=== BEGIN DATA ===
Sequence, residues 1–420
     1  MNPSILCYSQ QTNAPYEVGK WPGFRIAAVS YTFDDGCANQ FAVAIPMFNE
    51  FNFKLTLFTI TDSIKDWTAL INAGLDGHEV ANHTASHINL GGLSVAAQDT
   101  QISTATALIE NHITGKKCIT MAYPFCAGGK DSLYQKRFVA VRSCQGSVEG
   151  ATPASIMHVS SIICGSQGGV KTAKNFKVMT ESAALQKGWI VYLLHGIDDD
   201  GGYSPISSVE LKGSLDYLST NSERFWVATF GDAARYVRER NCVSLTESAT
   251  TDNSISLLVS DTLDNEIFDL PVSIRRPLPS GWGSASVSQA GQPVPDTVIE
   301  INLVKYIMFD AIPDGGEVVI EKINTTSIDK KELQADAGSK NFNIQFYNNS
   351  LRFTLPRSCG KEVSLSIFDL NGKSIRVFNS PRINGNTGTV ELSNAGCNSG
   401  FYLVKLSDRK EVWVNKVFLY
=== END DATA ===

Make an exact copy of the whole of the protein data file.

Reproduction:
Sequence, residues 1–420
     1  MNPSILCYSQ QTNAPYEVGK WPGFRIAAVS YTFDDGCANQ FAVAIPMFNE
    51  FNFKLTLFTI TDSIKDWTAL INAGLDGHEV ANHTASHINL GGLSVAAQDT
   101  QISTATALIE NHITGKKCIT MAYPFCAGGK DSLYQKRFVA VRSCQGSVEG
   151  ATPASIMHVS SIICGSQGGV KTAKNFKVMT ESAALQKGWI VYLLHGIDDD
   201  GGYSPISSVE LKGSLDYLST NSERFWVATF GDAARYVRER NCVSLTESAT
   251  TDNSISLLVS DTLDNEIFDL PVSIRRPLPS GWGSASVSQA GQPVPDTVIE
   301  INLVKYIMFD AIPDGGEVVI EKINTTSIDK KELQADAGSK NFNIQFYNNS
   351  LRFTLPRSCG KEVSLSIFDL NGKSIRVFNS PRINGNTGTV ELSNAGCNSG
   401  FYLVKLSDRK EVWVNKVFLY